LEE: I am likely an anomaly in this industry. But it wasn't wrestling itself initially, even though my cousin and I would always wrestle on a giant pillow in my grandparent's den. It was actually my grandmother and her love for the sport. She would watch religiously. She would yell and scream at her television. Even at 5 years old, these were things I found fascinating, and it piqued my interest greatly. I have always been a rather analytical person. I wanted to know why. I would watch with her, and before you knew it, “Macho Man” Randy Savage was my favorite.
WWE.COM: At one point you were pursuing football at Texas A&M University, but you left to pursue wrestling. Why?
LEE: My major was computer science. A lot of the amazing people who've followed me thus far already know how much of a nerd I am. (Laughs) I was a red-shirt defensive lineman but left in 2004 in order to answer the call of wrestling. I believe that the love my grandmother had for this sport is something that transferred to me when she passed away. I was 12 when she passed. No matter how much success I found or how well I did in football, the occasional beckoning of wrestling became constant as time went on, and that led to me following my heart. I am grateful every day that I took a chance and believed in myself. That is something I wish to share with whomever may read this. Sometimes we have wishes or wants, goals, dreams, ambitions, and no one that we expect to believe in us will believe in us. In those moments, we have to obtain the mental fortitude to believe in ourselves, support ourselves and motivate ourselves. Grind well, my friends.
WWE.COM: On that note, your style really defies what is typically expected from a man your size. How did you develop it?
LEE: In the beginning, credit here goes to William Regal and Dusty Rhodes. In 2013, they were two of the very few who told me to stop doing what is expected of me and to do what I want to do. Those two, and one of my closest friends (and fellow wrestler), Jerome Daniels, convinced me of this. In every sport I've ever done, I've been a versatile athlete. In basketball, I could be a point guard, small forward or power forward. In football, I've been fullback, tailback, tight end, defensive tackle, defensive end, nose tackle, and middle linebacker. And so, it was something that came very natural to me to want to do. I was always advised against it. But the moment I took the advice of those three, my career began a new path. From there I watched my inspirations more closely. We're talking the names I mentioned above plus The Rock, Eddie Guerrero, Low Ki, Ron Simmons and Daisuke Sekimoto, as well as a healthy amount of old-school wrestling and a very large helping of Japanese wrestling. Then I began applying little things here and there to fit who I am as a person.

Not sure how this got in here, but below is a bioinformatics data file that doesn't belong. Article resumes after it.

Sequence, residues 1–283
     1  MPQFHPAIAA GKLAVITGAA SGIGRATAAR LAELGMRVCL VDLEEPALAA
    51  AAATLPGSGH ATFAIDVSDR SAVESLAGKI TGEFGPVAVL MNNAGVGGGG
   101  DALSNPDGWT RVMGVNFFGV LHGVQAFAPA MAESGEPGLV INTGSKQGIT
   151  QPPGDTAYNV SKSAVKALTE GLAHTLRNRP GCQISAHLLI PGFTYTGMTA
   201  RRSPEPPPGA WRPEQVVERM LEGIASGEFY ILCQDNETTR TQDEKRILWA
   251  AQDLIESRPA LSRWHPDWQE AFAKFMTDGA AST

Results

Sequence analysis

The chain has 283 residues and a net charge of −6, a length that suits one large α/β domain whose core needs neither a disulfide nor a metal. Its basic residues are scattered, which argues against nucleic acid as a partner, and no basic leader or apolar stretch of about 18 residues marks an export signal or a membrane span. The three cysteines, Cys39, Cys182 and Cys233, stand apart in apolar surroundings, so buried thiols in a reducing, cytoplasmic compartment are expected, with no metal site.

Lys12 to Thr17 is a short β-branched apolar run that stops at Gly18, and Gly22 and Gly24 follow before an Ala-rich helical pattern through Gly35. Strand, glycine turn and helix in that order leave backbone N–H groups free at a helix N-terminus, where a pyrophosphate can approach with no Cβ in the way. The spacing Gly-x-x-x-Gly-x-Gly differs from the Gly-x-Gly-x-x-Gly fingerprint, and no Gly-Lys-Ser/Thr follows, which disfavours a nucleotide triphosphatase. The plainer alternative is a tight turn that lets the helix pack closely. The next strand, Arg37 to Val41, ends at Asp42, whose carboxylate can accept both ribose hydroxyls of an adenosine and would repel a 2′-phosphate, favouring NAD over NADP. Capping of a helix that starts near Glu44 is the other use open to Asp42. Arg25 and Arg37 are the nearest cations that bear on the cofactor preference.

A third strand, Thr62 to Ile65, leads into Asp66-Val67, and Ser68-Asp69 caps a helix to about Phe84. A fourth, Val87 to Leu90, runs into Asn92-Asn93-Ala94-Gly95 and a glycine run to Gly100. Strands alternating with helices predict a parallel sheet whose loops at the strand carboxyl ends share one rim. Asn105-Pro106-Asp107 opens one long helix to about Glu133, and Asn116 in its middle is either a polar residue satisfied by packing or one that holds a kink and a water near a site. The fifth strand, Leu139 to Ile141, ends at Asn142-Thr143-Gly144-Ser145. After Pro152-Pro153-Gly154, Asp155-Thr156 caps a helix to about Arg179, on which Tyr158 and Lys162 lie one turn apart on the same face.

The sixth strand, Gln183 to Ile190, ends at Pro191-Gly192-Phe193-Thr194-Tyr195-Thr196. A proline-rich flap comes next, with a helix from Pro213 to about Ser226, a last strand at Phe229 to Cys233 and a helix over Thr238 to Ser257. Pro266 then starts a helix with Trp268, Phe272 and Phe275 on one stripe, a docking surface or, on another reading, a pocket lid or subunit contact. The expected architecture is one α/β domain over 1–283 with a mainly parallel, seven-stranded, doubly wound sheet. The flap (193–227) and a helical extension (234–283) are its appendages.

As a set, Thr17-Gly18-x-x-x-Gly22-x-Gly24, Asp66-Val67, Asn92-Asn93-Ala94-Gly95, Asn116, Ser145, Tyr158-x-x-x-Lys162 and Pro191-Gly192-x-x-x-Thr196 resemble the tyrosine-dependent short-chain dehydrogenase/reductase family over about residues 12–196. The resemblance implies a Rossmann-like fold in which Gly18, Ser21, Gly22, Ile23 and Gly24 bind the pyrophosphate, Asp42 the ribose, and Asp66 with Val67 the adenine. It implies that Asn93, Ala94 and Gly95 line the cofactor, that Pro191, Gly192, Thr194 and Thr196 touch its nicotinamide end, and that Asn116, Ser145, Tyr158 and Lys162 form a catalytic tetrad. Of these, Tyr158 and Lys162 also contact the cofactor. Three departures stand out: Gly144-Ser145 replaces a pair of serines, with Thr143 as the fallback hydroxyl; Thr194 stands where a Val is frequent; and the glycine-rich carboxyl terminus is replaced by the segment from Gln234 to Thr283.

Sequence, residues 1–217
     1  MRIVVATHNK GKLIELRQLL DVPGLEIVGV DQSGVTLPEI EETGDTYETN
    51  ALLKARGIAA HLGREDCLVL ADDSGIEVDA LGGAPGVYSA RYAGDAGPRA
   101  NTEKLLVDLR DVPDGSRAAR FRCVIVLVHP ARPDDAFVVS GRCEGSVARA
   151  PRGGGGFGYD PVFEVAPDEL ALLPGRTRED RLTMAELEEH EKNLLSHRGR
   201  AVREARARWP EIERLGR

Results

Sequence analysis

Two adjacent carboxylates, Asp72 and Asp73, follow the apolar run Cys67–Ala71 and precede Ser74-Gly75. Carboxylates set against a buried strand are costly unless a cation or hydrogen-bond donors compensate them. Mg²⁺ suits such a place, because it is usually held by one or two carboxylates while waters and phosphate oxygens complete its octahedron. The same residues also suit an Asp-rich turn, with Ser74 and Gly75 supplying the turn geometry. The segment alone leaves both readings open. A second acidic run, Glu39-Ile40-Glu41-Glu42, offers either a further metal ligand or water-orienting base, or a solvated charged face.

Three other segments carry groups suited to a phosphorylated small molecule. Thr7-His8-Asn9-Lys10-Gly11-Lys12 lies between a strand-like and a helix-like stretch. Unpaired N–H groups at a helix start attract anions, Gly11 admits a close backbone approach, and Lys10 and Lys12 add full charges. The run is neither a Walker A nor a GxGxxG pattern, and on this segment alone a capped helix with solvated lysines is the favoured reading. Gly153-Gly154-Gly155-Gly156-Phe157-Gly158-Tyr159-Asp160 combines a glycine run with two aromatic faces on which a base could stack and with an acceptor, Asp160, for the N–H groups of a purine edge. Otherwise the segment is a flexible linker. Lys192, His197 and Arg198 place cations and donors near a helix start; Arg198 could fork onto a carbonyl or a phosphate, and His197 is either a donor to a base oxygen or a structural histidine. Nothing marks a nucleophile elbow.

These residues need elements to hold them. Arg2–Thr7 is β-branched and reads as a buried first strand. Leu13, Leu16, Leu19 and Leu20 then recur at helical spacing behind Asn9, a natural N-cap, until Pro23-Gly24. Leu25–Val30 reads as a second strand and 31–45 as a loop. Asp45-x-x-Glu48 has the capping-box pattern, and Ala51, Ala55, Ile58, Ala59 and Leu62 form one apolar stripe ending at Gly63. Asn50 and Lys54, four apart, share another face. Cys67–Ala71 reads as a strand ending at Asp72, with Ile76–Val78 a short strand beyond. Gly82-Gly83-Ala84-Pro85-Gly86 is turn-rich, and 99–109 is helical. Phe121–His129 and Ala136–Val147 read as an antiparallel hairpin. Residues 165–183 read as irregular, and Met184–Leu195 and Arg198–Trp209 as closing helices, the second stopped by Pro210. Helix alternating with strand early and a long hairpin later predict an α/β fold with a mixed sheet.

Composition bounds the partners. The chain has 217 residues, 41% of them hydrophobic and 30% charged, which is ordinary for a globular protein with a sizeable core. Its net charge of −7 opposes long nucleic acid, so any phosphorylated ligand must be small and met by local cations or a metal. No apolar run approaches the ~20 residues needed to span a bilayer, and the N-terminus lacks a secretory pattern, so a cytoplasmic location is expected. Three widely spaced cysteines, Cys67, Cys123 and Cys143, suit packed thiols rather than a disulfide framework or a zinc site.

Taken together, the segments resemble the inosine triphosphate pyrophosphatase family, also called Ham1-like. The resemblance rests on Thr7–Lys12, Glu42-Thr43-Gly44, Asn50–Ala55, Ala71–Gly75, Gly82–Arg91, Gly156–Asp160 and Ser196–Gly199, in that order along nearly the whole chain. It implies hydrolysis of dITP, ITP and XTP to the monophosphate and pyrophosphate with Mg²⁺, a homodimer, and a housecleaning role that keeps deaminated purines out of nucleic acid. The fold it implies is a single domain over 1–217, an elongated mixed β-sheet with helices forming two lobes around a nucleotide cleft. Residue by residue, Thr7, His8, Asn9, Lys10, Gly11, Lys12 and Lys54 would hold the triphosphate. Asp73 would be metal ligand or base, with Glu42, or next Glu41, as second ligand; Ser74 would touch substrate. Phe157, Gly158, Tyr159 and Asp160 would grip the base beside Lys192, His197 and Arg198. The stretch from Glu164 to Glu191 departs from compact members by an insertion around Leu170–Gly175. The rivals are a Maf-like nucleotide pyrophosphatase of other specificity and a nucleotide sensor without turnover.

WWE.COM: Prior to earning your WWE NXT contract, you competed at this year’s WrestleMania Axxess against Kassius Ohno. How was that experience?
LEE: An honor! Kassius is someone I spent a great amount of time studying as well. I had done a lot since joining EVOLVE in January 2017, and it was a great honor to represent them in a WWE ring. Even more so, it was a great honor to be in front of those fans. I'm not sure what I expected, but to have such a welcoming atmosphere from that crowd was awesome. I extend my thanks to those who supported me. It meant a great deal! More than you know.
WWE.COM: Here in NXT, you’ve adopted the moniker of “Limitless.” What’s the motivation behind it?
LEE: Originally, I used that word to express my abilities in the ring. There is a wide array of things I am capable of that only some are aware of. However, over time, this is something that has morphed into a lifestyle. Very often, I can be found on my social media talking about “the grind.” The grind is essentially the push to be better than you were the day before. Or the drive for whatever goals you set. Some never set or chase goals. Failure is a scary thing. It embarrasses some. Some don't face failure very well. Being “Limitless” is about being willing to come face-to-face with failure and do everything in your power to overcome it. I want to teach people that it's okay to fail, so long as you are willing to get up and grind to overcome that failure. Look at me. I have failed. And failed. And failed. And failed. And failed.
But, I did not give in. Everyone's variables are different, but I managed to find ways to stay motivated. Whether it was myself or someone else who uplifted me, I overcame failure. Now I am ready to shine bright. Because even if no one else believes it, I already know it. My potential, my abilities, my upside, my future, they are all much like me: Limitless.